Ulfelder serves up yet another of a recent spate of “sobriety”-based novels - in this case a 12-step program as venue for a group of sober friends to offer assistance whenever one of them requests help. The “Barnburners” special cache is their “meeting-after-the-meeting,” a select few who gather to share skills and experiences, a recipe for vigilantism that belies the nature of recovery and the definition of “anonymity.” If violence and retribution is called for - and it usually is - such actions are acceptable among a rebel group that makes its own rules after paying homage to sobriety. All in service to the story. But aside from the reason for their association and the loyalty among particular friends, Ulfelder is such a good writer that this currently overworked hook is minor in the broad scheme of things.
Ulfelder rocks this novel from the first anarchic page to the last. Asked to retrieve a vintage Mercedes from a shop where it has languished for eighteen months, Conway Sax is willing to help fellow Barnburner Tander Phigg, although he harbors no particular affection for the man. In spite of Motorenwerks fancy title, the near-empty shop appears not to have much business. Making inquiries about the Mercedes, Sax is rewarded on his first visit by a blow to the head that renders him unconscious. The following day, Phigg is found hanging in a shack on his property. For a man who comes from family money, Phigg has come down in the world, the unfinished home on his riverside property a testament to a lifetime of failure.
Sax is no slouch - he did a bit for manslaughter, is currently on parole and recovering from the oblivion of alcoholism. A short career on the NASCAR circuit still haunts his dreams, the brass ring he let go of in a self-destructive path. He’s finally on track, restoring a house to flip and avoiding commitment to his very patient girlfriend, willing follow through even after Phigg’s suspicious death.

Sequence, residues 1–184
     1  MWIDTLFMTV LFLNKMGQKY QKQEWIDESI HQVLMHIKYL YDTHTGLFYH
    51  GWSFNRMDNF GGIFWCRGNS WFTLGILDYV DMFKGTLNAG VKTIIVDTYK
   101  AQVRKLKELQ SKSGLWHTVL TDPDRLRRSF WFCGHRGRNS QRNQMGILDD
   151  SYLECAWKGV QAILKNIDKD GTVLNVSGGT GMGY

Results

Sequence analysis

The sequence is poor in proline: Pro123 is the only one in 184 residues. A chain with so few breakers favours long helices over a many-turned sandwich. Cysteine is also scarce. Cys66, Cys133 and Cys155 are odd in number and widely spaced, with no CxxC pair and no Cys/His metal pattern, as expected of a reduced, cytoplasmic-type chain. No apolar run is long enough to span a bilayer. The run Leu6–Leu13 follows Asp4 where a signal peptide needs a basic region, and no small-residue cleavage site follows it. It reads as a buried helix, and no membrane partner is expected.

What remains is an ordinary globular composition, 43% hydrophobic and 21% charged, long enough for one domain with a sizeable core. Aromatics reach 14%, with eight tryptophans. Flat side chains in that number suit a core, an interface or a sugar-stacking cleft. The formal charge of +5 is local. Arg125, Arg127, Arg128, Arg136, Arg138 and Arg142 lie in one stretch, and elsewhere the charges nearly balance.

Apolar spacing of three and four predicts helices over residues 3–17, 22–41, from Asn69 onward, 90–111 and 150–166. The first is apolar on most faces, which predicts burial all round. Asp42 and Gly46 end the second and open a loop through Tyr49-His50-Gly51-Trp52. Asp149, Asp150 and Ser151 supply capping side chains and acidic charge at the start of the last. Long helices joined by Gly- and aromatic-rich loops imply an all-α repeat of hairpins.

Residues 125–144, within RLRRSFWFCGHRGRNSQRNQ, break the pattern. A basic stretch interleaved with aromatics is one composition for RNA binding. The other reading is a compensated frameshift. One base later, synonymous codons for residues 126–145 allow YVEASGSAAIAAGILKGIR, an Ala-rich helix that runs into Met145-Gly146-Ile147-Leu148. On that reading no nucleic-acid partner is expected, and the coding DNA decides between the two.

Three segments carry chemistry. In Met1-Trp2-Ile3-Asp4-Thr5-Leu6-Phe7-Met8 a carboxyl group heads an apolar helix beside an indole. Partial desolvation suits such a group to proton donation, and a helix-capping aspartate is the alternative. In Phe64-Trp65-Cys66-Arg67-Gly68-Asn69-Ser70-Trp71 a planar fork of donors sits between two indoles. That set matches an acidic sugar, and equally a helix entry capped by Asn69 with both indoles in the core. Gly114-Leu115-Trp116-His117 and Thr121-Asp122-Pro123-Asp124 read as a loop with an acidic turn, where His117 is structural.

Conway is familiar with both sides of the law, a bad boy gone good (mostly) with all the contacts and skills of a borderline criminal life. Once engaged, he’s not likely to quit, even when clearly threatened. Definitely not Sax’s style. Conway is determined to finish what he started, especially after Phigg’s son, Trey, arrives on the scene with his wife and son from Vietnam. Ulfelder’s characters are rich and varied, from Trey Phigg and his family to an assortment of friends who support Conway’s unconditionally.
The bad guys are the real thing: an assortment of thugs, drug dealers and crazy Vietnam vets; the Beets Brothers, who would intimidate anyone sane; and the owner of Motorenwerks, who is in over his head and can’t get out. The most engaging and heartbreaking character is “Fast Freddie” Sax, Conway’s reprobate father, an infrequently sober drunk who appears out of the blue to break his son’s heart once again.
The action is fast-paced, beautifully rendered and complex - no easy emotional solutions here. Ulfelder taps into the nuanced terrain of the human heart where psyches are volatile, vulnerable and easily bruised. The revelations and betrayals come almost as fast as the actions of those on the trail of a lot of money, good and bad guys colliding much as they do in such a world, fine moral distinctions left for later consideration. This is a terrific debut by an exciting new voice, a writer brave enough to put it all out there and dare us to follow.